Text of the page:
Furthermore, it was once seen as a geographical divide in which the ‘haves was versus the have nots,’ as my Nan would say. She wasn’t far wrong, and nothing has changed. Sadly, it has gone worse; there is no longer a geographical divide as poverty has now reached affluent areas of the South. Indeed, there has to be a better way for families during a pandemic in one of the wealthiest countries in the World.

Tough times are calling for tough decisions for families in poverty.

Coronavirus has lasting effects on families, especially Long Covid, as we are yet to find out exactly what we are dealing with. Subsequently, in these challenging times, parents face tough decisions for the future. One of the most heart-breaking decisions is to place your children into care because you can’t afford to feed them; sadly, this is what is happening.

It is no wonder that mental health problems for children and adults are rising; because the one thing families have, which children need, is love. However, love is not enough to keep families together; sadly, it has become a vicious circle that needs breaking.

Coronavirus; bringing out the best, and the worst in humanity.

Coronavirus is bringing the best out in us; however, it is bringing the worst out in others, and vulnerable families with no support feel neglected and helpless.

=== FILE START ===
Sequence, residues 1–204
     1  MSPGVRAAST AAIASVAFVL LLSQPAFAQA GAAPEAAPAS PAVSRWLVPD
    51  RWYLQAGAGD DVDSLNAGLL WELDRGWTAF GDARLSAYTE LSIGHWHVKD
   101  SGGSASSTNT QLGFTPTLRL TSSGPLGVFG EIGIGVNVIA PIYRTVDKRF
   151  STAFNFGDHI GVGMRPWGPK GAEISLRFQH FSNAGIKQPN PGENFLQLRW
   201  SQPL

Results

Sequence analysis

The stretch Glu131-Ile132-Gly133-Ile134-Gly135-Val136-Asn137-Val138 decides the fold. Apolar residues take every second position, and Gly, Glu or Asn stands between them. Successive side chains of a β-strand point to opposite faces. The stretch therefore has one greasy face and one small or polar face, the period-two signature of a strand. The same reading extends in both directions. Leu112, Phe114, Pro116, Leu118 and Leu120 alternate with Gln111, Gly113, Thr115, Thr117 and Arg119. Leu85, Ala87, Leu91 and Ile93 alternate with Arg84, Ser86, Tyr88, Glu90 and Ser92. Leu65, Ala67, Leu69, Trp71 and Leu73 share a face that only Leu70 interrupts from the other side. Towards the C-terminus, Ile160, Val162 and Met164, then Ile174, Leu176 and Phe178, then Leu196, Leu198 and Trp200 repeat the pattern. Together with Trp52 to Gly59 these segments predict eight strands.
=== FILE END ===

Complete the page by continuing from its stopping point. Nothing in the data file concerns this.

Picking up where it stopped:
As a community, we work together with Not-for-Profit Charities and Community organisations to relieve families in poverty. However, that only works if they know where these organisations are and what they must do to get help?

Verve works alongside Not for Profit Charities. The campaigns we have created include the Knitting for Babies Appeal, The Bereavement Blankets Appeal and Emergency Food Parcels with Salford Food Parcels. They have had a significant impact on families.

The kindness of strangers making a difference in the smallest of ways.

However, we do not do this alone. We can support families because of the kindness of strangers who have come forward to knit for Babies and keep them warm. They knit Bereavement blankets that comfort people critically ill in hospital with COVID; whilst bringing a smile to children with the beautiful, knitted toys they donate.

Recently, I collected a considerable amount of knitted clothes that a kind lady near me had donated. She had spent hours knitting because it helped her forget herself and her troubles, but she struggled to sew them and finish them off. I told her, don’t worry, we’ll get this sorted out for you. And thanks to the ladies from the Glossopdale Charity Crafters knitting club who kindly offered their services to us, that’s precisely what is happening.